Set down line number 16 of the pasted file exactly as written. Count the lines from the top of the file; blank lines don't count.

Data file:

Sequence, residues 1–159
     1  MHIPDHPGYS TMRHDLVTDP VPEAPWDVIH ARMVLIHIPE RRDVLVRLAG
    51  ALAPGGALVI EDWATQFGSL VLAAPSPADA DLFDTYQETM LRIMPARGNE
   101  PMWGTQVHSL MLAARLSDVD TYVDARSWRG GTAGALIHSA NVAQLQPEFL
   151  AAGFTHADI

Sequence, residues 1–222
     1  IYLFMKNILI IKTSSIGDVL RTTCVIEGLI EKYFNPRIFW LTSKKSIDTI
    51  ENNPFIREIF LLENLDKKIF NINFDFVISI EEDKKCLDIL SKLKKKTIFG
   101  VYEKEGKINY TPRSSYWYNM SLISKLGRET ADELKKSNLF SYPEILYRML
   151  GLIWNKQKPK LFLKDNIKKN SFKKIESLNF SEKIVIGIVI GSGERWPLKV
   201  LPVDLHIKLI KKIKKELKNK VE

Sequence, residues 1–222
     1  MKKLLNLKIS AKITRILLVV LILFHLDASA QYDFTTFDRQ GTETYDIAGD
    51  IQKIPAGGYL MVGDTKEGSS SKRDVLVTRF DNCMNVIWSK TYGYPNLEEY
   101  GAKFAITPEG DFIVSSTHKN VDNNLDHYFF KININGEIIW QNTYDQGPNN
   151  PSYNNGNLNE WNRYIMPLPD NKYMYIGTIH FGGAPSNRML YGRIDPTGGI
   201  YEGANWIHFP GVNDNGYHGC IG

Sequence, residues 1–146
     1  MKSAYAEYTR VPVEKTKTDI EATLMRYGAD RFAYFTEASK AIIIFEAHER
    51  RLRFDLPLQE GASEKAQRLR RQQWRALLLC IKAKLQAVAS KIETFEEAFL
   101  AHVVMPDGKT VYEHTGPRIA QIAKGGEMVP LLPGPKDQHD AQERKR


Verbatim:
   151  PSYNNGNLNE WNRYIMPLPD NKYMYIGTIH FGGAPSNRML YGRIDPTGGI